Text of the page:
It is true that national self interests stopped the international community from reaching a new, strengthened post-Kyoto treaty on reducing destructive greenhouse gas emissions that are dangerously warming the atmosphere of our planet.
But it is also important to note that the Accord lacked transparency and the carbon reduction targets needed to begin moving humankind quickly away from the ravages associated with burning coal, oil and gas.
Considering that the Copenhagen Accord followed two years of fruitless international negotiations designed to broker a new agreement to rein in our global carbon footprint, there is now more uncertainty than ever before about how we create and use energy. Uncertainty is bad for people, the environment and business.
Just last week, the UN dropped its 31 January deadline for countries to state their climate change targets. With only a week to go until that deadline, only 20 of the 192 nations attending the COP-15 meeting in Denmark have formally signed onto the Copenhagen Accord.
Caught between a rock and a hard place, UN climate change chief Yvo de Boer told journalists at his first post-Copenhagen press briefing in Bonn that nations could now instead sign up to a new “soft deadline” when they wanted to.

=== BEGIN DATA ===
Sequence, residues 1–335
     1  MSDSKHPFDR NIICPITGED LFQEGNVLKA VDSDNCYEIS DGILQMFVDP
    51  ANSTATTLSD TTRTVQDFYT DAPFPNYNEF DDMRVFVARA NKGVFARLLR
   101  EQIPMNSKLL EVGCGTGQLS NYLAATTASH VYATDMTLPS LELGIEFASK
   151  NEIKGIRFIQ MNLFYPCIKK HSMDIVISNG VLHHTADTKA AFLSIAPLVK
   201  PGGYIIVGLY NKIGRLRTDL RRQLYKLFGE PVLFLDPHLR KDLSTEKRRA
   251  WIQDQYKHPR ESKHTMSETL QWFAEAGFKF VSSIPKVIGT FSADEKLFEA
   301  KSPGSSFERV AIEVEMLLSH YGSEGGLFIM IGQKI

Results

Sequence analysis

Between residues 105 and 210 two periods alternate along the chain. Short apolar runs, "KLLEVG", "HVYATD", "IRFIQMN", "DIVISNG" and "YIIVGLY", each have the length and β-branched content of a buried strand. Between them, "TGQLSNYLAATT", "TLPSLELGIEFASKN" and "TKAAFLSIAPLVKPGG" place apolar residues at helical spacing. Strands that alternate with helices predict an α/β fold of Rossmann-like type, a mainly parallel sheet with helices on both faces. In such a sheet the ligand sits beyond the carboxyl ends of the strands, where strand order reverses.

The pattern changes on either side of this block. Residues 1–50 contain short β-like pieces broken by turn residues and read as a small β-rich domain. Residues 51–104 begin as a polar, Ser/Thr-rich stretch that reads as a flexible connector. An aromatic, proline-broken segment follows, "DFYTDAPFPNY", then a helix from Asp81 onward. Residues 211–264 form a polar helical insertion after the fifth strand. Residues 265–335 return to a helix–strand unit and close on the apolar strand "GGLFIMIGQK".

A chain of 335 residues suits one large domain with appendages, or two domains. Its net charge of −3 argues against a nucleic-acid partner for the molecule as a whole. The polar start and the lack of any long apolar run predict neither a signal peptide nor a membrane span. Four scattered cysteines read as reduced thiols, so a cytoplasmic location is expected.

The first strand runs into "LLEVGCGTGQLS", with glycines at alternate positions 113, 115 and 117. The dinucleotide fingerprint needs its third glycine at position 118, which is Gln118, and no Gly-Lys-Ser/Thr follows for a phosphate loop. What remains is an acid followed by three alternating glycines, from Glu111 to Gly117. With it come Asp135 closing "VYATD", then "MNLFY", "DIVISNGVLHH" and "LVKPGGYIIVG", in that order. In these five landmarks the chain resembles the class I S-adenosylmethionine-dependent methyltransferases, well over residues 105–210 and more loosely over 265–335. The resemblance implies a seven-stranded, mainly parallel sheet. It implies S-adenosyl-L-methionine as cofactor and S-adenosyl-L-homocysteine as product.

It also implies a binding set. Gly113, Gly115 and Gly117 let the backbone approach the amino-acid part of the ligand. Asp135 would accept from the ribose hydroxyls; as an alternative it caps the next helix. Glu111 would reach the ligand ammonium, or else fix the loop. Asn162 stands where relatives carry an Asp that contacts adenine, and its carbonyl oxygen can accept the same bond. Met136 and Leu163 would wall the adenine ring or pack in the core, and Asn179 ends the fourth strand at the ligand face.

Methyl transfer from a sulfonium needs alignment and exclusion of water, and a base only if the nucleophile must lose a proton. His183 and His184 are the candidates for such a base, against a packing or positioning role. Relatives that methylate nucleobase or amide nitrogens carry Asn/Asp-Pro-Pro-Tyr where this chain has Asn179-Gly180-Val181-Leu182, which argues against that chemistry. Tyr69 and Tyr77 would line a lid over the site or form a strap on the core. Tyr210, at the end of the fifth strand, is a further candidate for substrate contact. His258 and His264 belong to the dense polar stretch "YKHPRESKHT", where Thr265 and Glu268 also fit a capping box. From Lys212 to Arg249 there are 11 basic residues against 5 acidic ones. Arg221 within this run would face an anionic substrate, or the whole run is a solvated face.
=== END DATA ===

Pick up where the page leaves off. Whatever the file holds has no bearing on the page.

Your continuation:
“It’s fair to say that Copenhagen did not deliver the full agreement that the world needs to address the climate change problem,” de Boer said, adding the Accord did vow to limit global warming to no more than 2°C above pre-industrial times and suggested that $100 billion be provided annually for poor nations to reduce greenhouse gases and adapt to climate change after 2020.
De Boer also noted that while the Accord “didn’t produce the final cake . . . it left countries with all the right ingredients to bake a new one in Mexico” at the next scheduled UN climate change conference in December.
Despite de Boer’s glowing prediction of the world coming together to fight global warming, media reports in the US – the world’s number one economy and the second largest emitter of greenhouse gases — indicate that the passage of proposed climate change legislation in that country’s Senate, which is necessary before Washington can sign onto any international treaty dealing with carbon emissions, seems to becoming more unlikely as time passes.
And back in Europe, which has long considered itself the world’s moral leader in the fight against global warming, the EU has decided, at least for now, that it will not unilaterally increase its cut in greenhouse gases below 1990 levels by 2020 to 30% from 20% since other major countries are not offering similarly strong targets.
Yet despite these disheartening developments, the International Energy Agency continues to see wind power as a bigger part of the solution to fighting global warming with a prediction that wind energy can generate 12% of global electricity by 2050, up from 2% today .
What all this means, of course, is that wind power is one of the few proven technologies that will continue to both expand and mitigate climate change while ineffective politicians keep stalling on a needed international agreement to drastically reduce carbon emissions.
In these increasingly uncertain times, emissions-free wind power provides a sense of stability that the world drastically needs.